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Gerald Beyer, a professor of Christian social ethics at Saint Joseph’s University in Philadelphia, gets my award for the most clever framing on the Wisconsin showdown. His comparison of Gov. Scott Walker’s tactics to those used by Polish communist bosses who fought the Solidarity movement in the 1980s is sure to irk conservatives. Here’s Beyer stirring the pot over at Politics Daily:
Mentioning the campaign against unions by a Republican governor in 2011 in the same breath as the anti-labor repression by Communist authorities in Poland in 1980 is sure to raise eyebrows. Yet as Mark Twain supposedly said, if history doesn’t repeat itself, it sometimes rhymes. And there are some striking similarities between that Communist-era episode and the ongoing standoff between Wisconsin Gov. Scott Walker and the state’s public employees. For one thing, both Walker and the Communist leaders targeted unions. And in both cases, we see the Roman Catholic Church supporting organized labor. Led by the gutsy electrician Lech Walesa, workers of the Solidarity trade union movement went on strike in August 1980 to regain their freedom and their rights. Over 18 days, they negotiated with Communist party officials, who were actually more willing to make concessions than Walker has been to this point.
Prominent Catholic politicos like Newt Gingrich (who has made a documentary about Pope John Paul II’s role in sweeping the Soviet Union into the dustbin of history) should keep this legacy in mind as they cheerlead for Governor Walker’s assault on workers’ rights.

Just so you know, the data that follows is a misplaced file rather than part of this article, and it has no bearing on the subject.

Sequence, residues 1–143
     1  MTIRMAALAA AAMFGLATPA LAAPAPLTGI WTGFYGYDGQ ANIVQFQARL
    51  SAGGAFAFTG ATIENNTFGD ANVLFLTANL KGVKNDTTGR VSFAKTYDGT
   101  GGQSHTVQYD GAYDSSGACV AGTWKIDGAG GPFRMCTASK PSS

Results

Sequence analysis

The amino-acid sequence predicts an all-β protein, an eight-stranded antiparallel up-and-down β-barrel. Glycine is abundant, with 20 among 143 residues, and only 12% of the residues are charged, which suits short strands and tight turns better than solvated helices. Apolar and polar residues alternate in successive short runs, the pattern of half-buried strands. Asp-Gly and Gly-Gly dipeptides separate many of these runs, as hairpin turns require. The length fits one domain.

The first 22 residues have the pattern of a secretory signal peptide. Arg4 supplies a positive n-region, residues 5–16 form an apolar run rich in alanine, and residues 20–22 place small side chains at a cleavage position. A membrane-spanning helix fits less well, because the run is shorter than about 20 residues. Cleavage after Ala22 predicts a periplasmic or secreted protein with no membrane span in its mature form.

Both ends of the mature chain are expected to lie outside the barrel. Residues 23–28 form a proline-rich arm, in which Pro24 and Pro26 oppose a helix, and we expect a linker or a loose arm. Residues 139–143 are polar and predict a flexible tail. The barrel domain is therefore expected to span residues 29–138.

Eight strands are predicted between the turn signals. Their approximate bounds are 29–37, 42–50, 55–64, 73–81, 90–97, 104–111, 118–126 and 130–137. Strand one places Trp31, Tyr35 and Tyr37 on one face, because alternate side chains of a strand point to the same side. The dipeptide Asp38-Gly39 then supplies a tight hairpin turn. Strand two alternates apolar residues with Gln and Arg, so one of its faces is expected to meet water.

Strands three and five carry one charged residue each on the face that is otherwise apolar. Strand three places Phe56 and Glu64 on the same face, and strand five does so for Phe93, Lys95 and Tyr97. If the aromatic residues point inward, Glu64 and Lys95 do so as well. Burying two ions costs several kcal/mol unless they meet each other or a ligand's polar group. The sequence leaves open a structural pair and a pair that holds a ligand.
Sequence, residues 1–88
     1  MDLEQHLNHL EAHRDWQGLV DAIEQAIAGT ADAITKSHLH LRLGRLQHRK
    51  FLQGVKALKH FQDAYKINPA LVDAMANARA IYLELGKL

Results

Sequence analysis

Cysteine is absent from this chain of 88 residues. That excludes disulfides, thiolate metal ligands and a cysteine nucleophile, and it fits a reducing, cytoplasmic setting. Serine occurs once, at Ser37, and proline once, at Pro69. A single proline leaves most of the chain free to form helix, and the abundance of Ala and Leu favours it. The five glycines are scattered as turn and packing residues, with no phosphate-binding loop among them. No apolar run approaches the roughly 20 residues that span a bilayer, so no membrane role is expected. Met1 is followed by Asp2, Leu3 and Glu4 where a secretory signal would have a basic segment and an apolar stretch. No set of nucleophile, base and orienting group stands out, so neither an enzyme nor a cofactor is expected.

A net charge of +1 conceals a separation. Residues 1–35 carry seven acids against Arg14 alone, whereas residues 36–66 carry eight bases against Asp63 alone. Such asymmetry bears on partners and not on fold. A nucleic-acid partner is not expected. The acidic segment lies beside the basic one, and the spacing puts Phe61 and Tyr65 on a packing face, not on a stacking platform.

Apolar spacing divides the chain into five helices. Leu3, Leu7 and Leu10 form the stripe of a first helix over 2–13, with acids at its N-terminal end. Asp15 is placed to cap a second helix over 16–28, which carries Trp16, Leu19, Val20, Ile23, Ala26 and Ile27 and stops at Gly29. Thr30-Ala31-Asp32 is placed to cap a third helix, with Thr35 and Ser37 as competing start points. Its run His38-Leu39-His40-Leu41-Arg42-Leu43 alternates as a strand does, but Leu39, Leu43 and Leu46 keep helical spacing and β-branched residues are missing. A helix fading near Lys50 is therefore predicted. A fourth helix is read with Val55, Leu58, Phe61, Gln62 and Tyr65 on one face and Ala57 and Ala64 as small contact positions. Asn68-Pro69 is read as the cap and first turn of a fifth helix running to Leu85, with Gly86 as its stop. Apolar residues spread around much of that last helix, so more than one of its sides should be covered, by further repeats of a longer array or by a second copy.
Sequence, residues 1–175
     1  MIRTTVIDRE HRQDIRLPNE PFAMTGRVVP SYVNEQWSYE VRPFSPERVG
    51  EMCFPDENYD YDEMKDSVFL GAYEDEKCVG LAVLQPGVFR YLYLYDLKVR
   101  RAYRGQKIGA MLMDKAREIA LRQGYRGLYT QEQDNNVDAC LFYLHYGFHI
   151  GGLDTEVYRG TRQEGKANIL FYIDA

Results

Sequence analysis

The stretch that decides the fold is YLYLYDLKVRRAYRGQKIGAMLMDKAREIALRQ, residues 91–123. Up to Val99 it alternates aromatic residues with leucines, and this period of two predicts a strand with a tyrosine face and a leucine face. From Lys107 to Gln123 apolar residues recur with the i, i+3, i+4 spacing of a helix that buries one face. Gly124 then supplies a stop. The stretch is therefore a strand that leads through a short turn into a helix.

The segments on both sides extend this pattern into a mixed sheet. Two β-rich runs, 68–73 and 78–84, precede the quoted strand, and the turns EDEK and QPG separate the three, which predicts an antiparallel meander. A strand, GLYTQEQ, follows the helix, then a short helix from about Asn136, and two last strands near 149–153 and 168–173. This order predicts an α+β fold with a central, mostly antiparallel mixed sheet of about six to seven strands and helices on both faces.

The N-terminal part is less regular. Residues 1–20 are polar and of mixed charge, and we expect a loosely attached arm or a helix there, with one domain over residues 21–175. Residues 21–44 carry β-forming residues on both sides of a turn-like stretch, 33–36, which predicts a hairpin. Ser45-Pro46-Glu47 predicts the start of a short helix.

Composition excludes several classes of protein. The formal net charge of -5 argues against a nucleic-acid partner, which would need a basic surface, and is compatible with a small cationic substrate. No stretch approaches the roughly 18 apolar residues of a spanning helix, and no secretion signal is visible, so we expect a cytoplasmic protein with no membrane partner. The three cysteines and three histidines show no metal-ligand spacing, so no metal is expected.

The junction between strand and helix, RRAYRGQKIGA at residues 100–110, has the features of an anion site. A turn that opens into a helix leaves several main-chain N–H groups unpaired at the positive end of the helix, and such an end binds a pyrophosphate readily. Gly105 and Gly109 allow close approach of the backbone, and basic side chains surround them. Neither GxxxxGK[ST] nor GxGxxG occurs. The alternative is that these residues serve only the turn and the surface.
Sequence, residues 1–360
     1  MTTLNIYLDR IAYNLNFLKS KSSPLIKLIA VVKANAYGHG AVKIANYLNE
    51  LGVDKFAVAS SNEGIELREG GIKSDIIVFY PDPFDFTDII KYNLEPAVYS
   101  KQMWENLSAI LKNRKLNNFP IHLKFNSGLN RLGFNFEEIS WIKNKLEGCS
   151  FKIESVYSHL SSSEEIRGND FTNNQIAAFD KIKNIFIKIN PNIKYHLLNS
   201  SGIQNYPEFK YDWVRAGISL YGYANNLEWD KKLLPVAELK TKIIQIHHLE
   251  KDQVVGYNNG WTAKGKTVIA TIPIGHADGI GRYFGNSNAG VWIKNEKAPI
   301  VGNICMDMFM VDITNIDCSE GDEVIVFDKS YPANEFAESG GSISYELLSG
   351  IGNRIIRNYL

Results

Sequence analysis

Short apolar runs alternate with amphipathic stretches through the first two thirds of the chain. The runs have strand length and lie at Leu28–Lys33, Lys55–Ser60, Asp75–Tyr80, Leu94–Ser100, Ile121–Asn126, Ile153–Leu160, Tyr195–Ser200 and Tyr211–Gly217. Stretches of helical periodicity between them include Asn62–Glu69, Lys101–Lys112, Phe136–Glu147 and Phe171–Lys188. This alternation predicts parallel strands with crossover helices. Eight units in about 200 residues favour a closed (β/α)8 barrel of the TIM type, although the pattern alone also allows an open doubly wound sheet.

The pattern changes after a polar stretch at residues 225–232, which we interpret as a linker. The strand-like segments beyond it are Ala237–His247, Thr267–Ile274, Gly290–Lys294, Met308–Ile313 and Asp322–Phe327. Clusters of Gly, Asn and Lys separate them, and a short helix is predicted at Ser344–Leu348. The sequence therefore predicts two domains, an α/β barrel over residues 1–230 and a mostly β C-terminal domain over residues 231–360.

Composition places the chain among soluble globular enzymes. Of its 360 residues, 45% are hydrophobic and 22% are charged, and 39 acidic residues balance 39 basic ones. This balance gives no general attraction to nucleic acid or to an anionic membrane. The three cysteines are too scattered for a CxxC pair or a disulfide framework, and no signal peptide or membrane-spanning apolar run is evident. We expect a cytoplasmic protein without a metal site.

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We’ve been tracking the myriad ways that federal budget proposals would eviscerate domestic programs that offer vital safety nets for the poor and make life harder for working families. Self-described deficit hawks are also positioning to make deep cuts to international humanitarian aid that are similarly cruel and misguided.
The Washington Post reports that House Republicans would reduce food aid programs by up to 50 percent, State Department funding for refugees by more than 40 percent and dramatically slash one of the main U.S. foreign food aid programs. Development officials predict these cuts would reduce or eliminate food for about 15 million people in places such as Ethiopia, Haiti and Sudan at a time when food prices are soaring. Catholic Relief Services warns lawmakers in a recent letter to Congress why this is a mistake:
Foreign assistance is not simply an optional commitment; it is a moral responsibility to assist “the least of these.” These priority programs support a wide range of life-saving and dignity-preserving activities, including: agricultural assistance to poor farmers; drugs for people living with HIV and tuberculosis; cost-effective vaccines for preventable diseases; assistance to orphans and vulnerable children; mosquito nets to prevent malaria; food aid for famines, emergencies, and development; emergency health care, shelter, and reconstruction in disaster-devastated places like Haiti; peacekeepers to protect innocent civilians such as in Sudan and the Congo; assistance to migrants and refugees fleeing conflict or persecution; and debt relief for poor nations. Cuts at the level being considered will result in the loss of innocent lives.